Is Standing Better Than Sitting?

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Is Standing Better Than Sitting?

This is part of our “In Medical News” series where Dr. Sara Laudani shares a study or article in recent news and offers some analysis and tips about the news, to help patients stay informed.

 

We hear a lot of talk about the health risks of a sedentary lifestyle and we should all be taking this seriously. As far back as 2002, the World Health Organization (WHO) warned that approximately 2 million deaths per year are attributed to physical inactivity and a sedentary lifestyle could very well be among the 10 leading causes of death and disability in the world. Various studies have shown physical inactivity increases all causes of mortality, doubles the risk of cardiovascular diseases, diabetes, and obesity, and increases the risks of colon cancer, high blood pressure, osteoporosis, lipid disorders, depression and anxiety.

 

Increased Sitting Time

Estimated total sitting time rose significantly for both adolescents and adults in the US from 2001 to 2016 (NHANES, April 23 JAMA). The substantial rise in total sitting time among adolescents and adults appears to be related to behaviors other than television or video watching, which was likely driven in part by increases in computer use. Unfortunately, this sedentary lifestyle is spreading to most corners of the world.

 

Can Standing More Help?

While there is no doubt that sitting time is increasing and impacting our health, studies are now examing exacly what can really be done to offset the effects of sitting more.

An analysis of a large cohort study shows that standing instead of sitting may not counteract the impact of regular, prolonged sitting on survival rates. While getting up to stand and stretch more at work may help in other ways, it seems these changes won’t mitigate the overall health detriments. To do that, one would have to replace the sitting time with exercise of at least moderate intensity.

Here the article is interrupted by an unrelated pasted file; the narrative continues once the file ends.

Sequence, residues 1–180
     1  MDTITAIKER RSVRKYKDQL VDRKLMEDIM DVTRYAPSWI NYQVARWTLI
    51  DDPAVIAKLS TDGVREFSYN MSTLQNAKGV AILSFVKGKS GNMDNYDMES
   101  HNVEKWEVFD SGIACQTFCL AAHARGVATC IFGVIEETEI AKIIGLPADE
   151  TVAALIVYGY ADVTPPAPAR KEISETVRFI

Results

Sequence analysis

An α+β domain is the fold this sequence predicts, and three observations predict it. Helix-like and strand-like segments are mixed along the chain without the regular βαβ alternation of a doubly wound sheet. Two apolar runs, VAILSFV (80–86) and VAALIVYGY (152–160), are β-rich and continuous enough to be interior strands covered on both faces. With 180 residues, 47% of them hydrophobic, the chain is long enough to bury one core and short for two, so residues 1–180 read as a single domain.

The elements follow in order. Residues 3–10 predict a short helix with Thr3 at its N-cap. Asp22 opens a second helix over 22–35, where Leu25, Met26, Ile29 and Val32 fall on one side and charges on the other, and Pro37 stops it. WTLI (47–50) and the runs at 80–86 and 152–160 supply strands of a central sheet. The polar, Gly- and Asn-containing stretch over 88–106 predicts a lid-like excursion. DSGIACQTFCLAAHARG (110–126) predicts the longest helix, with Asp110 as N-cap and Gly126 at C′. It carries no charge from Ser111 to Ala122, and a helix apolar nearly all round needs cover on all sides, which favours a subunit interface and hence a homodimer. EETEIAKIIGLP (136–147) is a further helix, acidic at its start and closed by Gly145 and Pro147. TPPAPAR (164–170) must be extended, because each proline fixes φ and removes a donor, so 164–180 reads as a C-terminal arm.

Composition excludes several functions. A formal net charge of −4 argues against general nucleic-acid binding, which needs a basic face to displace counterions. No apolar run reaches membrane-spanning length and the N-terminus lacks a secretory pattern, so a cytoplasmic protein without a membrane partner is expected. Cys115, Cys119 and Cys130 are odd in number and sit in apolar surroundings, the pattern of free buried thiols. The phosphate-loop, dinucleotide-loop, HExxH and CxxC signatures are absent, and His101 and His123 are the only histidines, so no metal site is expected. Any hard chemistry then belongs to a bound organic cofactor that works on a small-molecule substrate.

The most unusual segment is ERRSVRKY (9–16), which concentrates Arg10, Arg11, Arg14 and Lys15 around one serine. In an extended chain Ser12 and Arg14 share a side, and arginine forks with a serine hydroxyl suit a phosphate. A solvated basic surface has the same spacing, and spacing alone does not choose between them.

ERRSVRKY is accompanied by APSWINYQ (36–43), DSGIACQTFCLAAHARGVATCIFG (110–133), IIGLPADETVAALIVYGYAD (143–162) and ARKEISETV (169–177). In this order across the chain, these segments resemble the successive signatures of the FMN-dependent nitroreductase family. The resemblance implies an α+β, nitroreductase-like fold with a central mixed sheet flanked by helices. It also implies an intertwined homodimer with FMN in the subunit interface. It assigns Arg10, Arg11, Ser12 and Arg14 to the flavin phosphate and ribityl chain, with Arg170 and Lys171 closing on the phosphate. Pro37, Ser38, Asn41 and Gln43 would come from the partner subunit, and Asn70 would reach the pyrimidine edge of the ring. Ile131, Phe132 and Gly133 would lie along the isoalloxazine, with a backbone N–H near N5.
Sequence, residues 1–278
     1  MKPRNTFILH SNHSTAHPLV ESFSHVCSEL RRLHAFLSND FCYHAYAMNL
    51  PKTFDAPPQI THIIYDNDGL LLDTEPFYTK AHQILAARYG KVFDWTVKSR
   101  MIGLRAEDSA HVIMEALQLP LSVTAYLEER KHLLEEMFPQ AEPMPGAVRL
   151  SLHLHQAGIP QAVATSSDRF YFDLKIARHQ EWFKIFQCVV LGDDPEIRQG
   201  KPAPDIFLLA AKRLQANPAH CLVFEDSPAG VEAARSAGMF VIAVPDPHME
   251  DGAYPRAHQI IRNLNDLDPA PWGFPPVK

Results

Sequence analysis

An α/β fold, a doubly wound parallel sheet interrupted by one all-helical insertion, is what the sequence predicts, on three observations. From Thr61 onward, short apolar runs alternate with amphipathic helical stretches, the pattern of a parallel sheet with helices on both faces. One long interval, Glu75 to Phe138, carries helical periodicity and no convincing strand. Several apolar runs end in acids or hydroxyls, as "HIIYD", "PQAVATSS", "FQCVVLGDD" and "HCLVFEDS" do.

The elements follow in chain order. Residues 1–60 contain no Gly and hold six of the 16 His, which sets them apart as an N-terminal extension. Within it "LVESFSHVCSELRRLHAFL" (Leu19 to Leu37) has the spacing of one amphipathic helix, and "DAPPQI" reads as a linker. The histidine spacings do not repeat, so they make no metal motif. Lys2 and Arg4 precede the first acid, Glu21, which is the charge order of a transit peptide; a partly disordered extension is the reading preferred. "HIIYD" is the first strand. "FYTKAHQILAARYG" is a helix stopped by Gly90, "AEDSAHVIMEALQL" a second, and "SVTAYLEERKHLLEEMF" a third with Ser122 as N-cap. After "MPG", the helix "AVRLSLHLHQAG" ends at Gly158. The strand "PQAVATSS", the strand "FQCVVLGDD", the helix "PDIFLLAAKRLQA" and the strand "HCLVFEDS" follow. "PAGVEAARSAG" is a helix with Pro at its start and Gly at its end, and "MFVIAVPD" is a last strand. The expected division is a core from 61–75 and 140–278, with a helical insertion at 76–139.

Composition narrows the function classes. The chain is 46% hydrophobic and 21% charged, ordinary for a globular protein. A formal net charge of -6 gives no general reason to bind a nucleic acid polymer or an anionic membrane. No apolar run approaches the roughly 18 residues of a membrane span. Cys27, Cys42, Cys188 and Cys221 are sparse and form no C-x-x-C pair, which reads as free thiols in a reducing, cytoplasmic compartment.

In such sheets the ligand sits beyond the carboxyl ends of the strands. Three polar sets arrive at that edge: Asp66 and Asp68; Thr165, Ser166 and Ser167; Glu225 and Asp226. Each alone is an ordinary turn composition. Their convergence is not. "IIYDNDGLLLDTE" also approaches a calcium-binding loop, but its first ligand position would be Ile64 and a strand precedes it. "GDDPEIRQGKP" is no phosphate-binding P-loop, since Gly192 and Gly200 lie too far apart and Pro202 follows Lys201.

The excess risks were substantially countered in those who maintained 150 to 200 minutes of physical activity per week. And they were all but erased for those achieving at least 300 minutes per week of activity.

"Replacing sitting with standing is not enough. We need to be replacing sitting with movement. Even walking may do the trick in the case of tackling the ‘all-cause’ mortality," said Emmanuel Stamatakis, PhD, University of Sydney, lead author on the study (published April 22 in JACC).

How Can You Be Sure Sitting Isn’t Putting You at Risk?

The most important message is if you sit too much, be sure to incorporate moderate to vigorous physical activity into your daily life.

Many of you have to sit much of the day for work, and possibly during commutes. If you can reduce your time sitting from over eight hours/day to less than four, it will help your health. This might mean being sure you don’t sit much during leisure time and finding ways to reduce sitting time at the office significantly, such as using a standing desk. Consider walking or biking to work (or at least part way) or standing on the metro.

For those who can’t reduce sitting that much, it is vital to at least increase physical activity to the lower recommended range of 150 to 299 minutes/week. Preferably, “high sitters” should get over 300 minutes of activity/week to counteract all risks.

Be sure to get regular checkups, particularly if you sit a lot or have a family or personal history of cardiovsacular problems. Talk to your doctor about your health status and create a plan to reduce your risks. Body & Soul’s physiotherapists can work with you to develop a tailored fitness plan.

 

Dr. Sara Laudani offers consultations in internal medicine and functional and nutritional medicine in our Hongmei Road Clinic – Hongqiao. Click here to schedule an appointment with her and find out how her holistic approach and protocols can help you resolve your health issues.